Yahoo denies mass email spying claim, however other’s say differently
Yahoo Inc last year secretly built a custom software program to search all of its customers’ incoming emails for specific information provided by U.S. intelligence officials, according to people familiar with the matter.
The company complied with a classified U.S. government demand, scanning hundreds of millions of Yahoo Mail accounts at the behest of the National Security Agency or FBI, said three former employees and a fourth person apprised of the events.
Some surveillance experts said this represents the first case to surface of a U.S. Internet company agreeing to an intelligence agency’s request by searching all arriving messages, as opposed to examining stored messages or scanning a small number of accounts in real time.
According to two of the former employees, Yahoo Chief Executive Marissa Mayer’s decision to obey the directive roiled some senior executives and led to the June 2015 departure of Chief Information Security Officer Alex Stamos, who now holds the top security job at Facebook Inc.
The NSA referred questions to the Office of the Director of National Intelligence, which declined to comment.
The request to search Yahoo Mail accounts came in the form of a classified edict sent to the company’s legal team, according to the three people familiar with the matter.
U.S. phone and Internet companies are known to have handed over bulk customer data to intelligence agencies. But some former government officials and private surveillance experts said they had not previously seen either such a broad demand for real-time Web collection or one that required the creation of a new computer program.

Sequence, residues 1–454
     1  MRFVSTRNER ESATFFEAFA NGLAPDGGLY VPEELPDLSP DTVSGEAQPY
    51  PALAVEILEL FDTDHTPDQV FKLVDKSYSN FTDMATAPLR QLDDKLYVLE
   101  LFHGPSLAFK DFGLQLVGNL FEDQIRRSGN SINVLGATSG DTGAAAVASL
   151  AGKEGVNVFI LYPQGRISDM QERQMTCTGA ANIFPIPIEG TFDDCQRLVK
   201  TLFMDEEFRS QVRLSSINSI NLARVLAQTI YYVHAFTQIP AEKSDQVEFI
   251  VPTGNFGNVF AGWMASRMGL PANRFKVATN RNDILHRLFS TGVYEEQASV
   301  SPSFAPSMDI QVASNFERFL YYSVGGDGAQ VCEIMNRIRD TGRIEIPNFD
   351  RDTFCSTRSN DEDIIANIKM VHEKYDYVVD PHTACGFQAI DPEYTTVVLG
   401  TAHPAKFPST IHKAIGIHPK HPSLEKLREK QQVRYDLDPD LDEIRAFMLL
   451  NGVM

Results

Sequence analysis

“We’ve never received such a request, but if we did, our response would be simple: ‘No way’,” a spokesman for Google said in a statement.
A Microsoft spokesperson said in a statement, “We have never engaged in the secret scanning of email traffic like what has been reported today about Yahoo.” The company declined to comment on whether it had received such a request.
Under laws including the 2008 amendments to the Foreign Intelligence Surveillance Act, intelligence agencies can ask U.S. phone and Internet companies to provide customer data to aid foreign intelligence-gathering efforts for a variety of reasons, including prevention of terrorist attacks.
Some FISA experts said Yahoo could have tried to fight last year’s demand on at least two grounds: the breadth of the directive and the necessity of writing a special program to search all customers’ emails in transit.
Apple Inc made a similar argument earlier this year when it refused to create a special program to break into an encrypted iPhone used in the 2015 San Bernardino massacre. The FBI dropped the case after it unlocked the phone with the help of a third party, so no precedent was set.
Following the report, the Office of the Director of National Intelligence said that it does not discuss specific techniques used to collect foreign intelligence information. “It is important to remember the Intelligence Community has specific tools available to collect intelligence information, including the Foreign Intelligence and Surveillance Act,” said ODNI Public Affairs Deputy Director Richard Kolko. “Collection under FISA is subject to rigorous oversight by all three branches of government. Under FISA, activity is narrowly focused on specific foreign intelligence targets and does not involve bulk collection or use generic key words or phrases. The United States only uses signals intelligence for national security purposes, and not for the purpose of indiscriminately reviewing the emails or phone calls of ordinary people.”